111111 2A2A2A 434343 747474 8E8E8E B6B6B6 CFCFCF E9E9E9

Share this photo on Twitter Share this photo on Facebook

Crab Tree Farm

Posted by
Steven (Chicagoland, United States) on 28 December 2009 in Landscape & Rural and Portfolio.

Taken from the Crab Tree Farm website:

At the turn of the twentieth century, the property we know today as Crab Tree Farm was part of a 370-acre dairy farm, owned by the eminent Illinois federal district judge and railroad president Henry W. Blodgett, who created the system that became the Chicago & Northwestern Railway in 1863. In 1905 Scott Sloan Durand (1869–1949), founder of S. S. Durand and Co., a Chicago sugar brokerage, purchased 250 acres of Blodgett’s land on Lake Michigan just north of the village of Lake Bluff, Illinois, and presented them to his wife, Grace Durand (1867–1948). Educated with agricultural training, she had founded a burgeoning commercial business, Crab Tree Dairy, on twenty acres in the residential village of Lake Forest. There, Durand kept her prize herd of Guernsey cows, but escaped animals and the aroma of farm life were a constant source of irritation to neighbors, and the Durands determined that they must relocate to the former Blodgett property.

In 1910, less than five years after they had moved, a fire destroyed the original farm buildings, and that event prompted Grace Durand to commission noted Chicago architect Solon Spencer Beman (1853–1914), who is perhaps best known for his design of Pullman Village (1880–84) on Chicago’s far south side, to develop plans for a modern facility for her operation. The result was the assembly of buildings that survives today as Crab Tree Farm.

Beman, who trained in New York and had come to the Chicago area with the promise of work after the city’s devastating 1871 fire, created a massive central barn surmounted by a clock tower. It is flanked by four additional buildings and a pair of silos. Arranged around a central court and reflecting pool, the structures provide approximately 20,000 square feet of interior space.

The buildings were constructed to be fireproof, with steel framing and walls of terracotta blocks, finished with concrete and white stucco. The roofs were cast from concrete to resemble terracotta tiles. The buildings were provided with electric lights, water, refrigeration, and ventilation. Their somewhat eclectic style has been referred to as “California Mission,” “South African,” and “Scandinavian.”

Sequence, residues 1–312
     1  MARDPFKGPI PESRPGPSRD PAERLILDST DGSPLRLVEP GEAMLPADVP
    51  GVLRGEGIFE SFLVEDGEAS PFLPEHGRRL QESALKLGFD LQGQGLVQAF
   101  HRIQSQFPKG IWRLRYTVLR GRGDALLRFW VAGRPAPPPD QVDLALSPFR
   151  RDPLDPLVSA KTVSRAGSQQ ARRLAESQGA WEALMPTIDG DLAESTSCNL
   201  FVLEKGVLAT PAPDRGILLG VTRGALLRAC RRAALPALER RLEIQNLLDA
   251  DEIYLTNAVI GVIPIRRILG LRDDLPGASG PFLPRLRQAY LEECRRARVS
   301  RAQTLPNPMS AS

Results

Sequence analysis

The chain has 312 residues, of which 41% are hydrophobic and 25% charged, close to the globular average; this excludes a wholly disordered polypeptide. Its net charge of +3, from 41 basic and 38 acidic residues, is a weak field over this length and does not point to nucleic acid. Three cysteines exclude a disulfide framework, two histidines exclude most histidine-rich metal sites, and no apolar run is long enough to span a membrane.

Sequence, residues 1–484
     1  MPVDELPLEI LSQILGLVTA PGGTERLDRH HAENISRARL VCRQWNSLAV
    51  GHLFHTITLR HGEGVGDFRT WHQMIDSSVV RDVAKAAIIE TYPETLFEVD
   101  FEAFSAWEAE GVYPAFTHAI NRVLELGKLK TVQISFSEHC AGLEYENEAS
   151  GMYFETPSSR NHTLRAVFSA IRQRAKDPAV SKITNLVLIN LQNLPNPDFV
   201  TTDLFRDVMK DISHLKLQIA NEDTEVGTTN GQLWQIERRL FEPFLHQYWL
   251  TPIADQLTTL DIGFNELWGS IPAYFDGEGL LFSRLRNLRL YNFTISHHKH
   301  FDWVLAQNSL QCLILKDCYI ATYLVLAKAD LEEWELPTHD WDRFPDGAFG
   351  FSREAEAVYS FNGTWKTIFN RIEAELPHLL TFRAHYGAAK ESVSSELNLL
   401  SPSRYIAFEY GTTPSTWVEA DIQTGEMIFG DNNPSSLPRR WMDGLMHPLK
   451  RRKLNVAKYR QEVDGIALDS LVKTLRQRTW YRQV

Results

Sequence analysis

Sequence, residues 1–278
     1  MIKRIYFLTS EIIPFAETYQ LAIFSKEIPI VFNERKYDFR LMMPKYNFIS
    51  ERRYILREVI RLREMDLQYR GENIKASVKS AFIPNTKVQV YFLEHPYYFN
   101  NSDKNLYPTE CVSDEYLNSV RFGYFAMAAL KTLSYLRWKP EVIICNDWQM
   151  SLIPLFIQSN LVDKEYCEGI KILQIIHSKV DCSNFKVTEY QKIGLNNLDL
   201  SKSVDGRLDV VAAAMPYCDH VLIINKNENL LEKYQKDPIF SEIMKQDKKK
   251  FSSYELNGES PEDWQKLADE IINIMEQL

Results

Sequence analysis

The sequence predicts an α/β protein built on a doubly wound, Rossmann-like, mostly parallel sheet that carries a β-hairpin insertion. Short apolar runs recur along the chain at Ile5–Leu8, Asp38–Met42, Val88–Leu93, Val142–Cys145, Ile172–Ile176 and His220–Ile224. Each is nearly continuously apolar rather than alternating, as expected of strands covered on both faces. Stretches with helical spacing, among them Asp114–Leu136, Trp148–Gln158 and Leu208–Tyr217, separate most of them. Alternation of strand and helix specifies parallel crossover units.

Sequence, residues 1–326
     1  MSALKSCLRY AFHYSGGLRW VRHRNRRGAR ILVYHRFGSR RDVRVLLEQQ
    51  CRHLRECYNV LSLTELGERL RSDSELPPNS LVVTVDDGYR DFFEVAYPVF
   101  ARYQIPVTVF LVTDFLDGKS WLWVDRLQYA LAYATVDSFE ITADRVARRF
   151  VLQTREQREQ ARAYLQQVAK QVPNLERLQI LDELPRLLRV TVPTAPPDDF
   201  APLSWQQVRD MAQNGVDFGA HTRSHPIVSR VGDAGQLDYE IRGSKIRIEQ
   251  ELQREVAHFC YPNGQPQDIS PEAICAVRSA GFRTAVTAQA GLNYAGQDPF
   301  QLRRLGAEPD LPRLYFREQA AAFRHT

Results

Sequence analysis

In 1912–13 the noted landscape architect Jens Jensen developed plans for fruit, flower, and vegetable gardens and orchards. Only parts of his plan were executed.

In 1926 William McCormick Blair (1884–1982) and his wife, Helen Bowen Blair (1890–1972), purchased from the Durands eleven acres of farmland overlooking Lake Michigan and commissioned architect David Adler (1882–1949) to design a summer home. In 1948, after Grace Durand died, the dairy ceased operations. Over the next decade, the Blairs purchased the rest of the farm.

In 1985 the Blair estate sold the farm buildings and most of the farmland to Mr. and Mrs. John H. Bryan, who had, the previous year, purchased the Blairs’ summer residence on the lake. Today Crab Tree Farm is home to cattle, horses, sheep, chickens, and turkeys. Crops have included hay, corn, and soybeans. The original Beman buildings have undergone extensive renovation and display collections of furniture and decorative arts from the American and English Arts and Crafts movement, as well as contemporary furniture.

Photo taken December 27, 2009.

SONY DSLR-A300 1/321 second F/10.0 ISO 100 20 mm

New photos posted on most Mondays through Thursdays.
All photos are copyrighted and may not be reproduced or distributed without my expressed, written consent.

Spotlight Images

zOOm from Paris, France

A great story to illustrate this powerful mono HDR.

28 Dec 2009 9:19am

Peter from Amsterdam, Netherlands

A picture postcard in B&W, the HDR gives it even more depth.

28 Dec 2009 10:02am

Theys from Charleroi, Belgium

Steven, a large composition for this BW, Hello beautiful!

28 Dec 2009 11:25am

Ralph Jones from Detroit, United States

Nice composition and B&W HDR

28 Dec 2009 12:37pm

Yonatan from Bronx, United States

Nice perspective. The vignetting works nicely here to keep the focus on the subject.

28 Dec 2009 12:39pm

Denise from Duncannon, United States

So nice to know this is still an operational farm. What a lovely photo.

28 Dec 2009 2:41pm

Barbara from Florida, United States

Beautiful winter scene, I like the POV and perspective you've captured. Thoroughly enjoyed the background history of the area.

28 Dec 2009 3:02pm

bluechameleon from Vancouver, Canada

This is absolutely gorgeous. There seems to be a real presence in this frame.

28 Dec 2009 3:04pm

john4jack from Corvallis, Oregon, United States

Superb, Steven. I love this!

28 Dec 2009 5:55pm

k@ from Paris, France

A delicious scenery*

28 Dec 2009 6:31pm

MARIANA from Waterloo, Canada

beautiful scenery . great light and super monochrome .

28 Dec 2009 6:59pm

Steve Rice from Olympia, United States

A wonderful snowy farm vista! Great work!

28 Dec 2009 6:59pm

Barbara Kile from Ft. Worth, United States

Lovely scene with wonderful contrasts!

28 Dec 2009 7:16pm

Claudia from Illinois, United States

Wonderful image and some local history I was unaware of till now!

28 Dec 2009 9:07pm

Self-Indulgence from Chicagoland, United States

I'm learning a lot about my own back yard watching you. Is this HDR black and white style? It definitely holds a mood.

28 Dec 2009 11:52pm

@Self-Indulgence: Yes. Jack has convinced me to try HDR processing in B &W.

dj.tigersprout from New York City, United States

a lovely locale -- beautiful with the snow!

29 Dec 2009 5:36pm

Sarito from Basingstoke, United Kingdom

Wow.. what a fantastic BnW shot.. love it.

30 Dec 2009 12:04am